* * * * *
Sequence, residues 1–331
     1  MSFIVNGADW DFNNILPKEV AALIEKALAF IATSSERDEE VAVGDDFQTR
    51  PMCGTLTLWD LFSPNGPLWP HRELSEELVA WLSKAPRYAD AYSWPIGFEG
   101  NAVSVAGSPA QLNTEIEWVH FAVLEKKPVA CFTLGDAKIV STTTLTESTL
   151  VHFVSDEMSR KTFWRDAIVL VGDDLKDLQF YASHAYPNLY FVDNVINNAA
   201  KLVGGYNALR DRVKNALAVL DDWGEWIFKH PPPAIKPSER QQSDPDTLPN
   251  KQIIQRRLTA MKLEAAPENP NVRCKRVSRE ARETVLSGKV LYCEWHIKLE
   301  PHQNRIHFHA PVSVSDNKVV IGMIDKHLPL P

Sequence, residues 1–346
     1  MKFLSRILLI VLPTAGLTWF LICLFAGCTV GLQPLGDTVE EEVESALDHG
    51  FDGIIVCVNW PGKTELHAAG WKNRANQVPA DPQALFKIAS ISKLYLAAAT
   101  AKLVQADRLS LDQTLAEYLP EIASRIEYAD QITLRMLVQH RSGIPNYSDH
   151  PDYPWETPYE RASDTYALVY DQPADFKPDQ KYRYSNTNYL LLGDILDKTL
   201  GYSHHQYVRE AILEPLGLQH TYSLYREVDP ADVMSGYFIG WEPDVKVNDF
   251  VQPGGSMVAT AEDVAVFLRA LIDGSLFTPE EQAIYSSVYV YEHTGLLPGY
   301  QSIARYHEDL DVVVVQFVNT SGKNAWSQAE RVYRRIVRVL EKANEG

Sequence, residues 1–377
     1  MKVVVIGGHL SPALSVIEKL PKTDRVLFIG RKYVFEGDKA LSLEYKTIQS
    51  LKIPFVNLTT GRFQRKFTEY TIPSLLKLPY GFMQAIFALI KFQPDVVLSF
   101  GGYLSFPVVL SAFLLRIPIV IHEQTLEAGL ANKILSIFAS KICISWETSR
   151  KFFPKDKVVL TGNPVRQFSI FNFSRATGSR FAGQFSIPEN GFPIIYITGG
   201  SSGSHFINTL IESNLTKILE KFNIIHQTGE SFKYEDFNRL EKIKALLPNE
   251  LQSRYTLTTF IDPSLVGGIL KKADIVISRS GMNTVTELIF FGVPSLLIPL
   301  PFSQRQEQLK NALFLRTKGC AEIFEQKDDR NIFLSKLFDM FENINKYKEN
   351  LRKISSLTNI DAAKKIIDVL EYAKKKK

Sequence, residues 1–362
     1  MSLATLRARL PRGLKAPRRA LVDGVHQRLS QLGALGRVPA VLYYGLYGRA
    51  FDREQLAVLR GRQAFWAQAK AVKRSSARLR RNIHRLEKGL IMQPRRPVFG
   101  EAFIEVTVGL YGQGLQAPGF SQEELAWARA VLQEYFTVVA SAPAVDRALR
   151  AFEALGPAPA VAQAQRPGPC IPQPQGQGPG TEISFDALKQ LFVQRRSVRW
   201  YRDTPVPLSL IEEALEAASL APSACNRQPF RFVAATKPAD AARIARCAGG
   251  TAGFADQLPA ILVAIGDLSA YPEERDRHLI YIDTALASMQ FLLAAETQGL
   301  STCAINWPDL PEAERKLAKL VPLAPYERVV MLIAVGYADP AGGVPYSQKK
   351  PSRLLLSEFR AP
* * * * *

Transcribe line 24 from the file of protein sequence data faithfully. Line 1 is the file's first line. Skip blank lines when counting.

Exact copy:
   301  PFSQRQEQLK NALFLRTKGC AEIFEQKDDR NIFLSKLFDM FENINKYKEN